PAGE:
A particularly dangerous manifestation of grief is the loss of appetite; a cat that refuses to eat for more than a day might develop a potentially life-threatening condition called feline hepatic lipidosis.
Grieving is stressful, and that stress can weaken a cat’s immune system and thus make them more vulnerable to illness. Given all that, Krieger strongly advises cat owners to take feline grief seriously and keep an eye on their cat.
Since a grieving cat is already under stress, it won’t handle major changes like moving or renovating the house at all well. If possible, such changes should be postponed until after the cat’s recovery.
Routine and consistency can help reassure an unhappy cat, so the owner should stick to the usual schedule for things like feeding as much as possible.
It’s also a good idea to spend some extra time with the grieving cat doing the things it enjoys. A younger cat might appreciate more playtime, while an older one might prefer cuddling or napping with its owner. Some cats enjoy being brushed.
Krieger advises against immediately cleaning furniture or beds belonging to the deceased cat unless it died from an illness. Its scent will gradually fade, and that fading can help the surviving cat accept its death.
On the other hand, if the surviving cat avoids its friend’s favorite things, it might be a good idea to have the items cleaned.
Krieger also strongly advises against immediately getting a new cat. The grieving cat is already under stress, and dealing with a new arrival will only compound that stress. The owner will also need time to recover from their loss.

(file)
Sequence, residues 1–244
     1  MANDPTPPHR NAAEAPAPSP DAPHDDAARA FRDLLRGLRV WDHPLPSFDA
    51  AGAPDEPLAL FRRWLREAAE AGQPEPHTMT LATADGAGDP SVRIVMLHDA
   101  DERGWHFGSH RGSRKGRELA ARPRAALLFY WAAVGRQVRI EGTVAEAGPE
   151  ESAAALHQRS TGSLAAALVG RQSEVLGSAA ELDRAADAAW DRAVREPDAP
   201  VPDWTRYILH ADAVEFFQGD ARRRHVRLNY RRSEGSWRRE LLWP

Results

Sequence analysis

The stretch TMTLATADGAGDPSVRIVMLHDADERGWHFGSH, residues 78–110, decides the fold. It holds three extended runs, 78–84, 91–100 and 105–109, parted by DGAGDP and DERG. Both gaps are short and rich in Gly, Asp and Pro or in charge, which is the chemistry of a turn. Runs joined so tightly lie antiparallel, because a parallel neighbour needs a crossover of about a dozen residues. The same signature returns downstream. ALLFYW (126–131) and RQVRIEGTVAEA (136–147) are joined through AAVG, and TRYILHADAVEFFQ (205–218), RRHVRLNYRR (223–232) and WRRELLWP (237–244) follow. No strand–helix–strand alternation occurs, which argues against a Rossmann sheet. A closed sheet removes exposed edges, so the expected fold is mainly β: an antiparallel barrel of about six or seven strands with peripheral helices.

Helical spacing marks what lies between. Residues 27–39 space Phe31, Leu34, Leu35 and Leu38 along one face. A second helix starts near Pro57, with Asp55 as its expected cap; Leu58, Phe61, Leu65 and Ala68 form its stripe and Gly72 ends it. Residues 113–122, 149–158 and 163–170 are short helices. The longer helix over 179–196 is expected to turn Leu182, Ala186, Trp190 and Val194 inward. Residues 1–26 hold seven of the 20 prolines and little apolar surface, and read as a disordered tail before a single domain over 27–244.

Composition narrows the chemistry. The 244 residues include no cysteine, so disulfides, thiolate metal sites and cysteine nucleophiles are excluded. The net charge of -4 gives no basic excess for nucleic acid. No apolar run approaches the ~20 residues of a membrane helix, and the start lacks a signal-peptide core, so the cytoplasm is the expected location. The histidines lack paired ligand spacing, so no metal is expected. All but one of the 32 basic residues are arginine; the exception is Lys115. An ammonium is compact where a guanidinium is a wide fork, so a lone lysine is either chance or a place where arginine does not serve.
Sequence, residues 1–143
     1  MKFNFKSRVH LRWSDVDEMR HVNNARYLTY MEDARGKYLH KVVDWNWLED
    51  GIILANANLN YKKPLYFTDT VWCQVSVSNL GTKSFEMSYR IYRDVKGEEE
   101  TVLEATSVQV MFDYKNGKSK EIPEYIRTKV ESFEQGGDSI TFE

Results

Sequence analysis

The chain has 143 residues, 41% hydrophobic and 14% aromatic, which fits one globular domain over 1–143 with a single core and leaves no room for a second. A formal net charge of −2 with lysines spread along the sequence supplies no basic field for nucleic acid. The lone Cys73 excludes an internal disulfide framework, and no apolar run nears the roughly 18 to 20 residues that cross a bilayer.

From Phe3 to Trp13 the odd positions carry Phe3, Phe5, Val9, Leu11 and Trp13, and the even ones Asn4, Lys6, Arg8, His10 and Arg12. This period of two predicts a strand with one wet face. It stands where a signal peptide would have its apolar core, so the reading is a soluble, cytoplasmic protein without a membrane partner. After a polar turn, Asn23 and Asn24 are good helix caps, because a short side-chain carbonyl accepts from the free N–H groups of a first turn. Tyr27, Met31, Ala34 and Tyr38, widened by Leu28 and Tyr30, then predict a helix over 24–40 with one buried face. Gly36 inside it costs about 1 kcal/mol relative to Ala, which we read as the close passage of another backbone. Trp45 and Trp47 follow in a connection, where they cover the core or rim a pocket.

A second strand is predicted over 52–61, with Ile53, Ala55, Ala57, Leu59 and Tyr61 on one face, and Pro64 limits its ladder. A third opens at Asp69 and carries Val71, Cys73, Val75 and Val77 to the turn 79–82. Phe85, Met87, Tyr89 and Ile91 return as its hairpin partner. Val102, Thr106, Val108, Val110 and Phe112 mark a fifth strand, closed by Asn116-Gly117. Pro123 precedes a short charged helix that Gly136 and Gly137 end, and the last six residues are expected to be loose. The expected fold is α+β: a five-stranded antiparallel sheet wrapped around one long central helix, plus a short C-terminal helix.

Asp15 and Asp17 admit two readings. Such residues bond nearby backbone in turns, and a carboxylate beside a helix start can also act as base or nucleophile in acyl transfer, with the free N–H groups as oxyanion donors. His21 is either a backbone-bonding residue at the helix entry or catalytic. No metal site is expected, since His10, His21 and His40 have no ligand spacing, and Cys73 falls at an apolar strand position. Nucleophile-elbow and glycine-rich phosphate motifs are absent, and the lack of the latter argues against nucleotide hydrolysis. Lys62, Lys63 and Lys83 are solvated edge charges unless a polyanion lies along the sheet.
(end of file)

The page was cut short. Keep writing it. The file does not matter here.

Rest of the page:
Krieger thus recommends waiting until everybody in the household has finished mourning their lost friend before getting a new cat. She notes some people don’t feel ready to adopt a new cat until several years after the previous cat’s death.
How Long Does It Take For Cats To Bond?
Littermates are often bonded from the beginning of their lives. Cats who meet after they are one year old, on the other paw, are a different story.
According to Hills Pet, some cats take to each other within days, while others take weeks or months to bond.
The time it takes for cats to become BFFs (Best Furry Friends Forever) depends on the cats, and how the owners introduce them.
If cats are not properly introduced, the relationship will not start off the right paw. This makes introductions a critical part of forming a family of felines.
These simple steps to help introductions run more smoothly:
- Remember that cats rely on scent; pet one cat, then without washing your hands, go pet the other cat to transfer their smells to each other. This is the first step of familiarizing the cats with each other.
- Choose a quiet time to introduce the cats; not when your house is busy and full of people.
- Use a kittening pen or dog crate, rather than allowing the cats to meet face to face, for the initial meeting.
Even if the introduction is done carefully, do not be surprised to see the relationship ebb and flow. “These relationships will sometimes fluctuate, as human relationships do, but they generally remain strong”.
How To Help Bonded Cats Grow Strong Bonds
Cats heavily rely upon scent; if the scent is right, the bond has a better chance of occurring. As such, there are two ways to help ensure the right smells show up: